Upon reexamination, we agree with the Courts of Appeal which have criticized the rule. As convincingly demonstrated in People v. Raby, supra, 179 Cal.App.3d 577, appellate courts (and undoubtedly trial courts) have found it very difficult, if not impossible, to consistently implement the rule. To the extent a consistent interpretation has emerged, it is illogical. Consider the situation of multiple victims. If all the victims were intended from the outset of the criminal scheme, multiple enhancements are prohibited; but if fewer victims were originally intended, and the defendant merely reacted to circumstances, the punishment may be more severe — "a grotesque rule of law by any standard." ( Id. at p. 590.)
The Culbreth rule finds no support in the statutory language. Penal Code section 12022.5, subdivision (a), states only that "any person who personally uses a firearm in the commission or attempted commission of a felony" shall receive the additional prescribed punishment. Nothing limits the enhancements to one for every separate occasion, whatever that might mean. It is ironic that both the majority and the dissent in Culbreth cite for their purposes the same definitions of the word "use." ( Culbreth, supra, 17 Cal.3d at pp. 334 (maj. opn.), 336 (dis. opn.).) But the dissent has the better of the argument. By any definition, defendant "use[d]" a firearm when he shot and killed Enciso; he used it again when he shot Manlove. Similarly, Culbreth used a firearm each time he killed one of his victims. As noted in People v. Raby, supra, 179 Cal.App.3d at page 584, the victims in Culbreth "were not killed with the same bullet." The statutory language does not limit the number of enhancements in that situation.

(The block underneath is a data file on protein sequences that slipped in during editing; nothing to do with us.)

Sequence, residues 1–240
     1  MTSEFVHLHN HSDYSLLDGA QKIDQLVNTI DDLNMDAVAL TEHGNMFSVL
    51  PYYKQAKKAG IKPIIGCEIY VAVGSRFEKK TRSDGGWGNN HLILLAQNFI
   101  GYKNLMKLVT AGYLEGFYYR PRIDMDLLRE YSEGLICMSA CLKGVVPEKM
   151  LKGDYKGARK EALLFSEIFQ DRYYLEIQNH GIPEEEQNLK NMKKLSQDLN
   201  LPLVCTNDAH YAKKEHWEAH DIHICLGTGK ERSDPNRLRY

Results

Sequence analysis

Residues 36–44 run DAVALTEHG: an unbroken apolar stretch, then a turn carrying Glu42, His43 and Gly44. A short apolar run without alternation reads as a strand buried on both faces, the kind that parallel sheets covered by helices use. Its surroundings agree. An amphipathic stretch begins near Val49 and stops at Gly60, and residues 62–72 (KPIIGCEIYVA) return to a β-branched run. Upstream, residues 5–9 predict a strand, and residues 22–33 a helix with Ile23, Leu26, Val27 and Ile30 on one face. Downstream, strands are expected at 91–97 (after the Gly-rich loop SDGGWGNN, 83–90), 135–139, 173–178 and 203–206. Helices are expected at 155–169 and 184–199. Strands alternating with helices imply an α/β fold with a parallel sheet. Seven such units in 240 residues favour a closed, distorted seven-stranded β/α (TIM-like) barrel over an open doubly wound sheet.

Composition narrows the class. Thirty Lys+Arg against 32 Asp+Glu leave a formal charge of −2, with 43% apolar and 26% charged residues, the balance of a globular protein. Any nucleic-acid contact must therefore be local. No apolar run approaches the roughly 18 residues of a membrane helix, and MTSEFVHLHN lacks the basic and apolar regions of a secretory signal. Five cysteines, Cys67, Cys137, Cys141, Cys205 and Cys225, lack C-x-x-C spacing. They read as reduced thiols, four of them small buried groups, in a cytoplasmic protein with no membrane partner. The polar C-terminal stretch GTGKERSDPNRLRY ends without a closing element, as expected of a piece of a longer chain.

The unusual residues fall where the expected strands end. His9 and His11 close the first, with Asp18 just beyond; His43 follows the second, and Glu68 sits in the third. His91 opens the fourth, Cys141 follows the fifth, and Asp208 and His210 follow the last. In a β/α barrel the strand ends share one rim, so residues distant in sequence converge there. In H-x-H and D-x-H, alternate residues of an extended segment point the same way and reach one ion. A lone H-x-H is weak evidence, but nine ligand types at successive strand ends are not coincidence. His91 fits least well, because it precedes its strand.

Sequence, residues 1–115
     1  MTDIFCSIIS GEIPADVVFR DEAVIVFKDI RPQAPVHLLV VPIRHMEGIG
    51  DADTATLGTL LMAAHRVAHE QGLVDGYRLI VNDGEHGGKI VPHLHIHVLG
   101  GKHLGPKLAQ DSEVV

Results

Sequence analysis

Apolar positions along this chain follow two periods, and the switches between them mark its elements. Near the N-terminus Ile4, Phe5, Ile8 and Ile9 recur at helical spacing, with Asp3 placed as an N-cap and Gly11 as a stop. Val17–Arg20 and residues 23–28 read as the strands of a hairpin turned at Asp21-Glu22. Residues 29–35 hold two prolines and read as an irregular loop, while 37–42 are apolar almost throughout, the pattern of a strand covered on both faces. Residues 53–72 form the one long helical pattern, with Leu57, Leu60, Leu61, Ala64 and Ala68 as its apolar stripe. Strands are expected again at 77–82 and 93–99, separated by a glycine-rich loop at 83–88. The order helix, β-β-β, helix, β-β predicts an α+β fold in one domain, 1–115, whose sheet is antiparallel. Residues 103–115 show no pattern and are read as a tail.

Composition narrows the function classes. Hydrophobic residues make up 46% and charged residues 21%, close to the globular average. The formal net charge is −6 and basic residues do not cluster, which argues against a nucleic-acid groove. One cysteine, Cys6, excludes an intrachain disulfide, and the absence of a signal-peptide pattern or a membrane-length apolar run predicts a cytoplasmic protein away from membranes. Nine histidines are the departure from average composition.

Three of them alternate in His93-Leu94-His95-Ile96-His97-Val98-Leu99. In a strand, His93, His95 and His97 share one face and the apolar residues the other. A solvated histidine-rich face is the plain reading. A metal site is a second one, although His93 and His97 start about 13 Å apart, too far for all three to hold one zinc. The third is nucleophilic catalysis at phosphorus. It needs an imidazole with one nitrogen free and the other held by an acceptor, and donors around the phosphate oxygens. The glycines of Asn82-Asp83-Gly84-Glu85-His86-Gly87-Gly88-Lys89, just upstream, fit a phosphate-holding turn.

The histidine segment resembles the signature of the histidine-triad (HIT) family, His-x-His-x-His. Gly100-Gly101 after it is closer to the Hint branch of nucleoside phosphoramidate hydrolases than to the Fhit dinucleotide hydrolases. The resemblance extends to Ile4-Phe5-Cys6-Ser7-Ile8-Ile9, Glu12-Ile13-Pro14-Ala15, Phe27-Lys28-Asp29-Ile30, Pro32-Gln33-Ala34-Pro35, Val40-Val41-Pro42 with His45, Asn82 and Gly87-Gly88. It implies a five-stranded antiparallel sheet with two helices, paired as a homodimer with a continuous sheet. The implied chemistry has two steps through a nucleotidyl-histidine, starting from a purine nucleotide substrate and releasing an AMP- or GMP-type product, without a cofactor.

We also find the majority's deterrence analysis flawed. ( Culbreth, supra, 17 Cal.3d at pp. 333-334.) We need not discuss whether the Legislature intended to punish as well as to deter (see Pen. Code, § 1170, subd. (a)(1)), for we doubt that the Legislature intended either deterrence or punishment to cease with the first victim. We think it far more likely, and consistent with the actual statutory language, that the Legislature intended to deter (and undoubtedly to punish) firearm use against multiple victims more strongly than firearm use against a single victim.